Chinese state media has TV news anchors that can broadcast 24/7 with computer-generated faces
Xinhua’s latest news anchor looks like a person. He sounds (kinda) like a person.
But he can also work 24 hours a day, seven days a week… and read multiple stories on multiple channels at the same time.
The Chinese state-run news network unveiled two “AI synthesized anchors” yesterday. They’re based on real people, but their faces and voices are computer-generated -- allowing them to say and do things that their real models never did.
“My appearance and voice are based on Xinhua anchor Qiu Hao, but I never need to rest,” the AI says in its debut video.
The software, developed by search engine Sogou, learns a human anchor’s voice and face by watching his newscasts. It uses speech synthesis to make it “read” text inputs, and generates lip movements and facial expressions to match the words in real time.
The result is impressive… and a little creepy. It looks good enough, but there’s something odd about the way their lips move. And the voice sounds like, well, any other computer voice -- it has the same stilted delivery as Siri or Alexa.
Chinese netizens aren’t blown away either. There aren’t many reactions on social media, but most find it a bit disturbing.
“Pretty impressive, but it still feels weird,” one user says on Weibo.
Another says, “Can we not use this kind of voice? It’s really creepy.”
When asked by Chinese media if their new anchors will take jobs away from humans, Sogou’s CEO said, “In terms of perception of sound and image, machines may be able to be as good as human, but they have limited abilities when it comes to cognition, meaning reasoning, thinking and logics based on language.” Which suggests that reading the news is a job that machines may take over -- but the things they read will still need to come from humans.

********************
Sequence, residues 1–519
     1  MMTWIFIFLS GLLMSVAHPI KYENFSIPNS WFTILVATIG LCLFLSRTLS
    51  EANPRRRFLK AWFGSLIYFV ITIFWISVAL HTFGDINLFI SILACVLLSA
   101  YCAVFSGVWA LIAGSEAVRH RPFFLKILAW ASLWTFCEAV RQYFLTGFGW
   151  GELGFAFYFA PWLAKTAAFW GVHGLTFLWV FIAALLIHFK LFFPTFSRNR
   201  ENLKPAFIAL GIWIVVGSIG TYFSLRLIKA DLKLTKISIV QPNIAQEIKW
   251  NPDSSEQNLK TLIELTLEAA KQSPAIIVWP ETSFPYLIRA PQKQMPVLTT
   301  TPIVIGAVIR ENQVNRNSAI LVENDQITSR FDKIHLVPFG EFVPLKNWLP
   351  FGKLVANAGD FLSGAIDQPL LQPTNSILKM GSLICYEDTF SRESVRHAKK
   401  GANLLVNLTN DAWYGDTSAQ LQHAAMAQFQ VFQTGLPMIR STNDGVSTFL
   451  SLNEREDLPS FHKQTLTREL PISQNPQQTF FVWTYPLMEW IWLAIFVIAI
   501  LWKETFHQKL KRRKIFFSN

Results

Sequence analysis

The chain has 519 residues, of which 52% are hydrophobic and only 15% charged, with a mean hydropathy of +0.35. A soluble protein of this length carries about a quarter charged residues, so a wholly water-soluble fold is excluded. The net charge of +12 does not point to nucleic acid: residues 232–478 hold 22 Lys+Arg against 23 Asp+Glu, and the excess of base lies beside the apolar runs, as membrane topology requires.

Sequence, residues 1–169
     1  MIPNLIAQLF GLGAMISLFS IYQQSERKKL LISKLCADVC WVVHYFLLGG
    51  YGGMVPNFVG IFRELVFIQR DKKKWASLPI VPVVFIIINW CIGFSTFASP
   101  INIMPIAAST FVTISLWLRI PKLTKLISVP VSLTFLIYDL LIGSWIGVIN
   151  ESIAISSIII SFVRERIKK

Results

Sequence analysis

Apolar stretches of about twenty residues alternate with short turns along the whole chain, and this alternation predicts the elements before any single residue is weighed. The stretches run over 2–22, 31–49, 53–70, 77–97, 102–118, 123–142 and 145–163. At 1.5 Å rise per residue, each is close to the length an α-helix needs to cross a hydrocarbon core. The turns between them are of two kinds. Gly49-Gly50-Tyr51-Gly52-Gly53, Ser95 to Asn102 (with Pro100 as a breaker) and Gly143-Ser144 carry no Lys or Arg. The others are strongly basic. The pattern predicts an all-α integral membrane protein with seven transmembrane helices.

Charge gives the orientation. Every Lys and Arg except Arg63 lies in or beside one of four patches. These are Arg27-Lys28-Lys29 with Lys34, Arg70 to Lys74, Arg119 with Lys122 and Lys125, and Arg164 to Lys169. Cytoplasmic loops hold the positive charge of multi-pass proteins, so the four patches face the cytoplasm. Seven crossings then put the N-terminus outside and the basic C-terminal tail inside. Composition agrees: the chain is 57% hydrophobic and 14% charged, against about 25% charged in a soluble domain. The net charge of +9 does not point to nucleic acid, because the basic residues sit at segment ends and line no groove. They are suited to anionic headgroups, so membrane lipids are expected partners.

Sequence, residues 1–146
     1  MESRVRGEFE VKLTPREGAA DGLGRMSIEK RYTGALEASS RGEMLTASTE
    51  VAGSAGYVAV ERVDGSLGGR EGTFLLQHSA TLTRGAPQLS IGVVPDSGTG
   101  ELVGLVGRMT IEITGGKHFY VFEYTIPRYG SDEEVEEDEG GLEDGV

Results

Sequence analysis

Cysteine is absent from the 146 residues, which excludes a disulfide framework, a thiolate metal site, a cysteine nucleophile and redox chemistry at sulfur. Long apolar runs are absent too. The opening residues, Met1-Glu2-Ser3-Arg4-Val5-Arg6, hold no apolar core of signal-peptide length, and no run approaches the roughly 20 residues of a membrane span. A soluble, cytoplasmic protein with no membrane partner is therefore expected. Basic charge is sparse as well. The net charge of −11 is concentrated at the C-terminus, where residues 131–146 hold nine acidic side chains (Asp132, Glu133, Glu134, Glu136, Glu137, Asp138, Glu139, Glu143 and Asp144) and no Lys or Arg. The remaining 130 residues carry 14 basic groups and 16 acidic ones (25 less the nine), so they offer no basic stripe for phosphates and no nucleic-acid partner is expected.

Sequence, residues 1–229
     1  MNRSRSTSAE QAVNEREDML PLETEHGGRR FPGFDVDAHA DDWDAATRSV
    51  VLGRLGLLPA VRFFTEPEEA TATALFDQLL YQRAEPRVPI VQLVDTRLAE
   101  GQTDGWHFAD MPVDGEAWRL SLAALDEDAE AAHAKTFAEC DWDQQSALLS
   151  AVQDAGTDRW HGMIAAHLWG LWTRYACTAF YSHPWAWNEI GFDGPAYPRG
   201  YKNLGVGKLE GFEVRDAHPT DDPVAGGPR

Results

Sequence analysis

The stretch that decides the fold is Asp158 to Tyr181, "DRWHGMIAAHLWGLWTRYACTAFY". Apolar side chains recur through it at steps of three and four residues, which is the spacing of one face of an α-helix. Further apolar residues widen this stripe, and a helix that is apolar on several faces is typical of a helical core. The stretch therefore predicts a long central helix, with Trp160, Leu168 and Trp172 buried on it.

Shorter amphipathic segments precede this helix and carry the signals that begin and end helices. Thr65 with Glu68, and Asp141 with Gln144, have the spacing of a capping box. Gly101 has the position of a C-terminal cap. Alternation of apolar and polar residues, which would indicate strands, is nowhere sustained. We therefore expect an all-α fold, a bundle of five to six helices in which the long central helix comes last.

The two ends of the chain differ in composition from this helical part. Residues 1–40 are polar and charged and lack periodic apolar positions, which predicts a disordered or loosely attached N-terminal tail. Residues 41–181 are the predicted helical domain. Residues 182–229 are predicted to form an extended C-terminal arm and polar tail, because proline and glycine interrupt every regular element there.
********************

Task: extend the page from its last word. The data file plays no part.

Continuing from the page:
You’ve probably heard about “AI news anchors” before. A Japanese robot named Erica was set to be a news anchor “sometime in 2018” (it hasn’t happened yet), and Chinese TV stations have also tried using Microsoft’s voice assistant XiaoIce to broadcast weather and letting a robot host a show. But Xinhua’s AI avatar could be the first time it has a face based on a real human.
Sogou first announced the “virtual anchor” technology in July this year, when the company said it could also be integrated with Sogou’s own voice assistant to generate more characters to be used in entertainment, education, medical and even in legal situations.
It’s a new use, but the technology is not entirely new. It was famously demonstrated on President Obama, where his lips are synced to words he never said. Similar tools have also been more accessible to people, allowing deepfake videos to flow around, causing ethical concerns.
Xinhua claims that the AI anchors will be seen across Xinhua’s platforms, including on its app, website and mini-program in WeChat.
Their potential spread left some to lament one thing that might be lost in the future: “We won’t be able to see TV news bloopers anymore.”